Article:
The real cost of poor data management
I have often stated my belief that in a typical organization approximately 30% of all resource is expended on avoidable data-related activities. This figure comes from a number of sources and some estimation on my own part.
There are quite a few studies, research surveys and papers on the impact of bad customer data. These often focus on the impact of losing revenue (e.g. the Data Services Insight Report from Royal Mail – which concludes bad customer data costs organisations on average 6% of annual revenue).
However, this is potentially the tip of the iceberg in terms of the cost of bad data.
The first estimate to make is that if – as the Royal Mail study found – 6% of revenue is lost because of bad customer data, how much time is spent on dealing with the issues the bad customer data created? We can imagine that there would be customer service calls and actions that would not have been necessary if the customer data was right. If 6% of revenue was lost, then it is likely that considerably more than 6% of customer service time was spent dealing with these issues (and avoiding an even greater loss of revenue by retaining some customers).
Looking organization wide, and beyond customer data, the cost of bad data is also a substantial issue. Neil Patel’s article quotes the Gartner average cost of bad data as $14M per year of the organizations surveyed, and highlights how this cost is likely to escalate. This is largely considering the cost of identifying and correcting the bad data (which Gartner estimate is 20% of all data). IBM estimate that poor quality data costs the US economy $3.1 trillion per year – that’s around 15% of GDP.
In our ‘generic organization’, these costs are manifest in ‘data quality programmes’ or ‘data cleanses’. And I would argue that the above evidence would lead us to conclude that there’s somewhere in the order of 15% of resources spent on data quality.
However, data quality is just one of the issues (and one of six data management areas, based on the CMMI model). The operational impact of having bad data may be significant, but so is the inefficiency caused by not being able to rely on well-governed data, and therefore not identifying and/or implementing efficiencies that should be possible, and lacking the confidence to make evidence-based decisions.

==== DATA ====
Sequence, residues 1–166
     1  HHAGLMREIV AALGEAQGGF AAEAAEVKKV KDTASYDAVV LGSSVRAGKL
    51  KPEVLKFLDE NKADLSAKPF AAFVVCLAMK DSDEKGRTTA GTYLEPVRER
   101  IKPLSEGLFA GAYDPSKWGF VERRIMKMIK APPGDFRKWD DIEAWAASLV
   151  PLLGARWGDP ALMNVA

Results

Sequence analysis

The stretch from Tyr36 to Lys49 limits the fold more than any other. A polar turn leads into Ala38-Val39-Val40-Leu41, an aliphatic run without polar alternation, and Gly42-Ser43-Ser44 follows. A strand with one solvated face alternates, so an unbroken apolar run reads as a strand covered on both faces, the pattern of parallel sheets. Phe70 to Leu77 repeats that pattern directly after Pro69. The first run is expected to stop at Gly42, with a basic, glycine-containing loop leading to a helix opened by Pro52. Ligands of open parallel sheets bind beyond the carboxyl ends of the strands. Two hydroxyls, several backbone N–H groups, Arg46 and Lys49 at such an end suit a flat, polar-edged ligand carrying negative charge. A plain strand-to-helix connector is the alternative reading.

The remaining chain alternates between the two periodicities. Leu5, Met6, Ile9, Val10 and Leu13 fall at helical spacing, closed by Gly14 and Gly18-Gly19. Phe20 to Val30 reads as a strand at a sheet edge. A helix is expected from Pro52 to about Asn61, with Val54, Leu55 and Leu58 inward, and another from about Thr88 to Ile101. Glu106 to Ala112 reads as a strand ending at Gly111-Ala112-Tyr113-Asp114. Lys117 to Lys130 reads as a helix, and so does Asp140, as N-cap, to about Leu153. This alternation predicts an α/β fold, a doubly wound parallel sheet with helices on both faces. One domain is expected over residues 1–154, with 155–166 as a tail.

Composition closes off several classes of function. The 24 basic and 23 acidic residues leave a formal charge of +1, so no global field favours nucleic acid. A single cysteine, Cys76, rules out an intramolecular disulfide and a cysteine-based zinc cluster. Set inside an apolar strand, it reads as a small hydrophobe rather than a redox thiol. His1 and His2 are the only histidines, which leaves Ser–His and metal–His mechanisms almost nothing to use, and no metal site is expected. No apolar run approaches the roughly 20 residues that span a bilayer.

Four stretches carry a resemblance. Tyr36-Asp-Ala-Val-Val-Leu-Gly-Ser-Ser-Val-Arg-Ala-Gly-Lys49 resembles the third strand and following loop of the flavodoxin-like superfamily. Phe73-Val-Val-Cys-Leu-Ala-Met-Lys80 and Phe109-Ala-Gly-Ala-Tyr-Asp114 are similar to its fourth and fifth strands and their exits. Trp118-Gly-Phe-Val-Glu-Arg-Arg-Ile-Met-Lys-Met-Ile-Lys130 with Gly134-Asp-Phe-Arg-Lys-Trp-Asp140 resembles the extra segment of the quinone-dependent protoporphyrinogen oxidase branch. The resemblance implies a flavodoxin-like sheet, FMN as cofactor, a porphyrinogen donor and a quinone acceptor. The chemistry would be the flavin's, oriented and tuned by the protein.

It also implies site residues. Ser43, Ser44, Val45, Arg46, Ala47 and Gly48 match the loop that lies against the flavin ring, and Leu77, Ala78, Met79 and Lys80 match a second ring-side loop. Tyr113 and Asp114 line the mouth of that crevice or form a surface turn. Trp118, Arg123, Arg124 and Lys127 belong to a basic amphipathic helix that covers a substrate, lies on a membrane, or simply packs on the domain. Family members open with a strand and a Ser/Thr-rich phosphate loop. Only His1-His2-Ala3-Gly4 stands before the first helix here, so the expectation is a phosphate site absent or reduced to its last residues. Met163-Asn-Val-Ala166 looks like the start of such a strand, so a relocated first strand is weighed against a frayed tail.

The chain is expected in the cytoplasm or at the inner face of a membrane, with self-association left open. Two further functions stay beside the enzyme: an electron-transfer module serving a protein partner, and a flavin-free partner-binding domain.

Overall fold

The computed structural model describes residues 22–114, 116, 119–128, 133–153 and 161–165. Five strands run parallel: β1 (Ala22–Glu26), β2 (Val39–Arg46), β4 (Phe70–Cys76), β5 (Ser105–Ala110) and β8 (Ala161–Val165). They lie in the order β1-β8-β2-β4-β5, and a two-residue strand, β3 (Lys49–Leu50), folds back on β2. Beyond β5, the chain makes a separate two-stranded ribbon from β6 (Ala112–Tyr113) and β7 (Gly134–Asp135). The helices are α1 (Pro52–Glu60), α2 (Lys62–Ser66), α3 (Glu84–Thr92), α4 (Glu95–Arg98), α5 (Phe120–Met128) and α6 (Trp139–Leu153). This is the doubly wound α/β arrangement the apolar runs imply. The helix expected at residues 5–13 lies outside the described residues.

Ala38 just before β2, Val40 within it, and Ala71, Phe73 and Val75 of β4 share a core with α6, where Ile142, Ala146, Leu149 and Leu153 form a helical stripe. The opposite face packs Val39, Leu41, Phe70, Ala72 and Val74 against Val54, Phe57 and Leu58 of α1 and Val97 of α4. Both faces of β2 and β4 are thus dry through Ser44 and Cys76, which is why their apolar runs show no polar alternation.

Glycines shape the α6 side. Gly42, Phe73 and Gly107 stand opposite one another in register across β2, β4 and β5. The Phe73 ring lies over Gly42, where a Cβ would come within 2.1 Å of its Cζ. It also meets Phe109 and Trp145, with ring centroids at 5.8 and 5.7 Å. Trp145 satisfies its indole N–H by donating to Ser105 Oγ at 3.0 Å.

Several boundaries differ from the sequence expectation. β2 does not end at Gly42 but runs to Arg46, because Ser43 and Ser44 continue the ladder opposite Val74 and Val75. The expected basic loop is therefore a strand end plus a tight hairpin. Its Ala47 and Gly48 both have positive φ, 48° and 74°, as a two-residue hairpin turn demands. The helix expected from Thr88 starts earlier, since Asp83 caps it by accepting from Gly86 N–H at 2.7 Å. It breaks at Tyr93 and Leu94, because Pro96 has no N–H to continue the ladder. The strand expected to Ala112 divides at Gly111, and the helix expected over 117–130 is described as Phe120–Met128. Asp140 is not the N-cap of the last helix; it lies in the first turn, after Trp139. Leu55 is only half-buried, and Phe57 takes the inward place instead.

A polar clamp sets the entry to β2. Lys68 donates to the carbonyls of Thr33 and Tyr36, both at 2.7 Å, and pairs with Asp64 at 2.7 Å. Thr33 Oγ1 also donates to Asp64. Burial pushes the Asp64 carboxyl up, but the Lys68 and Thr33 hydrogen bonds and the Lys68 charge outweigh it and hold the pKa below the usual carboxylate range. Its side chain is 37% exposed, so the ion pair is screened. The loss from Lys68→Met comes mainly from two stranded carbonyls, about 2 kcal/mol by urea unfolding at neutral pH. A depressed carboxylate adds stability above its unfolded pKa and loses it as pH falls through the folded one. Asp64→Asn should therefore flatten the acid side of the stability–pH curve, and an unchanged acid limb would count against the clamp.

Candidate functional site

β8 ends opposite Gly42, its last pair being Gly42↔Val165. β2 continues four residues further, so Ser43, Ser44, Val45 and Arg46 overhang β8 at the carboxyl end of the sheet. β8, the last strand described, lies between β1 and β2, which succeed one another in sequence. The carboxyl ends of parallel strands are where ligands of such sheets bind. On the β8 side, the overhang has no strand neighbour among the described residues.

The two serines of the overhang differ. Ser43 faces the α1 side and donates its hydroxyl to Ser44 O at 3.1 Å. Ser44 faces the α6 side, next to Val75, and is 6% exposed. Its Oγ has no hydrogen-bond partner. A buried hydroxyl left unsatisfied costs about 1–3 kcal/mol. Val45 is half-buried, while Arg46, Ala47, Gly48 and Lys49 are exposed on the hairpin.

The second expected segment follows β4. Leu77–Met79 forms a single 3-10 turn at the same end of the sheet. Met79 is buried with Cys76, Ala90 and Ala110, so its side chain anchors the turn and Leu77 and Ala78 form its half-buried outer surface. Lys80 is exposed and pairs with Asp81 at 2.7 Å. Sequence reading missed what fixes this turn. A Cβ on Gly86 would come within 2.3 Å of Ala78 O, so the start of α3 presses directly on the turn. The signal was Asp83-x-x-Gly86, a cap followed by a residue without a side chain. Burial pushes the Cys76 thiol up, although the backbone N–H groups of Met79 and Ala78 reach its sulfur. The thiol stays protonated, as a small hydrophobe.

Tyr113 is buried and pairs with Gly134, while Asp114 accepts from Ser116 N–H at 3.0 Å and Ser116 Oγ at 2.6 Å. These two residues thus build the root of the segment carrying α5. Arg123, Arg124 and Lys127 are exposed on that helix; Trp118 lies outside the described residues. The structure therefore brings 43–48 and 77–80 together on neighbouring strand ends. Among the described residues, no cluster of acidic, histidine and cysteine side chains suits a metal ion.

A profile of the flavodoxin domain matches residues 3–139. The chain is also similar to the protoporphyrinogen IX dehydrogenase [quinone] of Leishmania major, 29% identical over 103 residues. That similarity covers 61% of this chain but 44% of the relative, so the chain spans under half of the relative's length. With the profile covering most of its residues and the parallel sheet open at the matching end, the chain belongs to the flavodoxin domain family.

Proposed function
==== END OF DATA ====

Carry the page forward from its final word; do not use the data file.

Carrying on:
That impacts the opportunity to make a good decision, or the right decision, and even the ability to know when a decision is to be made. Poor decisions by definition leave something on the table – timeliness, quality, money, satisfaction or experience to name a few. Each of these requires resources to mitigate.
Consider, for example, bad data about a lift warranty that might lead a landlord to contract a repair that should have been carried out under the warranty. This would have a cost of the repair, and potentially an additional cost or remedial action to retain the warranty. There would be costs associated with the management time of all of this, as well as dealing with the likely complaints from occupants about the unnecessarily extended time the lift was out of service.
That’s a big deal.
But bigger is the process and governance framework that allowed the data to be bad in the first place. Fixing that – in this case for example rethinking the development and construction process to clarify the data lifecycles and adopting supporting tech like BIM effectively – would not only avoid this costly warranty error, but provide new capabilities that would have significant impacts on other operations.
For example, simple and intuitive ways for residents to interact with building data (as will be required in the new housing safety legislation), or the ability to respond much faster to the industry’s next building safety challenge. These are currently costs borne on an adhoc, reactive basis and would not be impacted at all by addressing data quality in isolation.
I estimate costs of this kind to be in the same ballpark as the data quality related costs. I may be underestimating the costs of these currently, but I’m cautious not to make too large a claim as there are also significant investments required to achieve the higher levels of data management maturity required to reap these rewards.
I would be interested to hear your thoughts on this too – get in touch at firstname.lastname@example.org.
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